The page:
The book will be launched on the 22nd May at the Greenwich Literary Festival!
How do you want to make your mark in the world of work? It’s the question at the heart of a new creative project I’ve been working on with the University of Greenwich, designed to explore student stories of work, their experiences and expectations. It’s a tricky question at any stage of your career – and I have to admit that when I started my working life I didn’t really have a clue – but the project has been a joy to work on. And I love the idea of making your mark as a theme because it’s so open, forward looking and can be answered in different ways. It invites speculation, gives space and opportunity to stretch your imagination, dream a bit.
The student experience is a serious issue for many universities and Greenwich were keen to hear how students felt. Rather than using traditional questionnaires, they commissioned us to facilitate the students to tell their own stories in different creative ways – either writing fiction or via creative conversations, or illustrating their ideas and talents through images or designs they’ve created. The book is beautiful, but also unlike any I’ve been involved in before.
We love facilitating people to write but this time we had to be innovative about the process and introduce new ways to tap into different types of creativity – particularly for those that are story-tellers not writers, for those who express themselves visually, and for those that think in 3d (and the one student who dreamed of a future in 5d!) We found the most important thing was making a connection, individually and personally with the participants, understanding their thinking, preferences, talents and supporting them into a new place, the future they want.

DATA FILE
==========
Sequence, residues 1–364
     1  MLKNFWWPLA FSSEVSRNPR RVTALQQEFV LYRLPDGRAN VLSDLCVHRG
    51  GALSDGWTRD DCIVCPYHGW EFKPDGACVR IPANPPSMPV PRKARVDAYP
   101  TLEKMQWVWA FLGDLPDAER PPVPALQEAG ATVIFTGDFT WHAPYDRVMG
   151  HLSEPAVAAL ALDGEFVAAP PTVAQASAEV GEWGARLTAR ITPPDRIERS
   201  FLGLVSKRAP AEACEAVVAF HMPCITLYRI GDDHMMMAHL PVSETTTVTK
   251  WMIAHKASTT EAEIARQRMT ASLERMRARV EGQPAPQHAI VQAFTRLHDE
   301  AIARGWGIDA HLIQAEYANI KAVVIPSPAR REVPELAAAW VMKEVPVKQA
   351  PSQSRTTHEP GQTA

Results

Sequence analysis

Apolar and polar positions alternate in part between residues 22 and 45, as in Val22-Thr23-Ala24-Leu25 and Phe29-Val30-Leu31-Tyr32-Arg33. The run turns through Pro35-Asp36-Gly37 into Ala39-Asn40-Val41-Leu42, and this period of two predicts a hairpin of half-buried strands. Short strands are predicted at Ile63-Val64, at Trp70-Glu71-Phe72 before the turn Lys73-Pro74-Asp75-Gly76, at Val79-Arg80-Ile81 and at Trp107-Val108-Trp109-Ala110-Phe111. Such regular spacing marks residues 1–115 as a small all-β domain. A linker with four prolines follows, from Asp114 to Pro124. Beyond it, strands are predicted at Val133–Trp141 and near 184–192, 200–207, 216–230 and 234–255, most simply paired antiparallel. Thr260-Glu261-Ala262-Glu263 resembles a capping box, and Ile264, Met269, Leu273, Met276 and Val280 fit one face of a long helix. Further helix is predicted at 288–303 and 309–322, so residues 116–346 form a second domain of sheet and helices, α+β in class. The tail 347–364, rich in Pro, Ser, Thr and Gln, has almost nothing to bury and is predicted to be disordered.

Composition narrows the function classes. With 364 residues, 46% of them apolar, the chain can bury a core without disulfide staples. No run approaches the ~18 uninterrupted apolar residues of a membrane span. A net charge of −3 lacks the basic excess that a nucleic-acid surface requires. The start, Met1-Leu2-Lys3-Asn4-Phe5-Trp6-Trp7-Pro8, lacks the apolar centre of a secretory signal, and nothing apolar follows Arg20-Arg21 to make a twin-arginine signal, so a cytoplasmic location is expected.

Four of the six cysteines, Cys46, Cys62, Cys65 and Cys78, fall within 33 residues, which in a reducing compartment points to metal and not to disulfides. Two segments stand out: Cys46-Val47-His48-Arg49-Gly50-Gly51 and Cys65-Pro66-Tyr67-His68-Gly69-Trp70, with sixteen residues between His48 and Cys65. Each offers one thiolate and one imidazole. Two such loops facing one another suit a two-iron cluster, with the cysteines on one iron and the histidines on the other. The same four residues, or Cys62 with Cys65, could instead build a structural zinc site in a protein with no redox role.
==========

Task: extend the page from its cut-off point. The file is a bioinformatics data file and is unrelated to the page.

So, the stories and conversations are rich, engaging and honest in a way that no case study could ever be. And the story structure adds meaning and clarifies where the real rub is terms of getting started in a career. Aspiration and anxiety jump off the pages in equal measures. The stories are as much about making a mark in terms of being a valued person and supporting the greater good, as they are about becoming world renowned.
The students themselves confound any stereotypes that are in the mainstream. Most of them are juggling work in non-graduate jobs, hard-working and focused (which sort of reflects the self-selecting nature of the project) and there are contributions from maths, computing, English, graphics, 3d design, animation, business information systems. The University are delighted and have gained some useful insights into how they can enhance their support for students in their work journey.
Let me know if you are interested in coming and I’m keen to hear how you’ll make your mark? I’ve made some definite marks in recent years – writing a thriller and curating a book of fiction, and as a result of this project, also some tentative marks in charcoal and paint. I’ve been inspired by the students and it’s made me think about what I want to do for the next ten years, a compelling question isn’t it.